As well as having the confidence to do this, make sure you have the confidence to speak up if you feel unhappy. You have the same rights as any other employee and if you feel bullied, exploited or uncomfortable in a task you have been asked to do then never be afraid to talk to your reporting manager. It is in the company’s interest to make sure you are happy, motivated and producing high quality work and at the same time, you do not want to walk away after a year feeling as if you have achieved nothing.
Be professional at all times OK, essentially your a University student. But while your on placement, you are (and should be treated as) an employee and therefore a representation of the company and its practices. If you are offered the opportunity to be client facing on some accounts (talking directly to clients, attending client meetings, working closely with them) then you must ensure that you are professional to keep clients confident that the quality of the work before you started will not be compromised. Make sure you dress appropriately (forget turning up to Uni in trackies, scruffy hair and last nights make up) and if you suffer bad hangovers, do not go out the night before a meeting (you’ll only fuel the stereotype). Until you are confident, watch carefully how other experienced members of the team talk to and manage the client and the press.
Ask questions Again, another thing us interns can sometimes be afraid to do. If you have a load of changes on your press release but no explanation why, ask for feedback and ask how you can improve things next time. It’s time consuming for people to continually change all the press releases you send them so by improving your strengthening your own skills and making life easier for everyone else.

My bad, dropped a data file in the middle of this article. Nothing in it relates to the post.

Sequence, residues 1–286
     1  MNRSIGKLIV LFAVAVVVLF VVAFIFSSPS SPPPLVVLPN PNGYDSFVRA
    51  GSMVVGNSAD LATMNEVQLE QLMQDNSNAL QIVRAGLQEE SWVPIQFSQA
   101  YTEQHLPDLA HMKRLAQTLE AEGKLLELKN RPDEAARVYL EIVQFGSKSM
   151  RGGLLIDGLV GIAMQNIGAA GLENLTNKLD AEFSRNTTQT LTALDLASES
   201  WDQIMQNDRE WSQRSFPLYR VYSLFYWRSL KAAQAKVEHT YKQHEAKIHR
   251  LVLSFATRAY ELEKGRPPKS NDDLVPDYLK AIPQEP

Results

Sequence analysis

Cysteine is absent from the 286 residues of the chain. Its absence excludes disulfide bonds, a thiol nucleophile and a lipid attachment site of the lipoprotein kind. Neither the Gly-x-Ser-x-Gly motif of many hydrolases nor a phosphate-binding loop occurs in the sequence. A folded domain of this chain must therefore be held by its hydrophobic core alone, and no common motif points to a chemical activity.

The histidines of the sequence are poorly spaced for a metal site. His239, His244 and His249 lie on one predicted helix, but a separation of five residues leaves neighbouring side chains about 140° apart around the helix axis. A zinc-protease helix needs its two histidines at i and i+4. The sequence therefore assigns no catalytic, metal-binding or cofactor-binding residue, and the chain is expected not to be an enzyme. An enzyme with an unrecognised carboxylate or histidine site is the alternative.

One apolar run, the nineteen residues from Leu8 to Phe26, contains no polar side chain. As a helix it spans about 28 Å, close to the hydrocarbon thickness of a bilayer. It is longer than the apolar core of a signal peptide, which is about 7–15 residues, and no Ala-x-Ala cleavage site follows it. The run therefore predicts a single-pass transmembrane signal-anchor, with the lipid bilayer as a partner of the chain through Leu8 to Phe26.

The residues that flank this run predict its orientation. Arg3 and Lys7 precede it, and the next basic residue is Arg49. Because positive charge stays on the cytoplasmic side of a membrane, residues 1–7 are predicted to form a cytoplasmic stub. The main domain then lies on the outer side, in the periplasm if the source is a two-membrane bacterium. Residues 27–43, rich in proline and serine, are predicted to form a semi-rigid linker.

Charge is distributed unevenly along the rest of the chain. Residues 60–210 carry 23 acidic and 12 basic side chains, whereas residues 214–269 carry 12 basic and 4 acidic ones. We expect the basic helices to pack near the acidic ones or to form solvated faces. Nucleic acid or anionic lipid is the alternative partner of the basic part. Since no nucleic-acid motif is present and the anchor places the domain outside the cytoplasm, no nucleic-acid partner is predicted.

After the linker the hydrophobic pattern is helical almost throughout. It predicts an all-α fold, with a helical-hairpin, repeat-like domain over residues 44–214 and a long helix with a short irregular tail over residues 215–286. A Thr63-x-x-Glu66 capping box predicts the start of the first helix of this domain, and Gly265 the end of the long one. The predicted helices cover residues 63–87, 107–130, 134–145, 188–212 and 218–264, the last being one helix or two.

Practice your weaknesses This year is all about gaining as much skills and knowledge as you can to best prepare you for future employment following graduation. If you know you have a lack of experience in event management, explain that and ask to be involved and see the planning and management of event from start to finish. Practice your writing through press releases (with feedback!), or even feature article or case study writing if you haven’t had an opportunity to do this before.
Keep a diary Daily, weekly, monthly – whatever! You will probably have to do a reflective assignment for University throughout the course of your placement so this will be handy to refer back to you and use as an appendices.
Monitor your coverage Remember trying to scrape together some form of coverage for your first year porfolio? Well this year you will not be short, so make sure you keep tabs on everything you write and all the coverage it achieves. It may be a bit of a pain but you most certainly won’t be thinking that when you have a huge portfolio to take to interviews!
Contacts It’s absolutely true that sometimes it’s not what you know, it’s who you know. During the course of my placement I have been lucky enough to have been put in front of and develop relationships with some of the top journalists in the industry and it is important that you keep your relationships with them ‘alive’ and take note of their details so you can utilise these in the future.
Keep in touch Stay in touch with the company – you never know what might happen after graduation! 🙂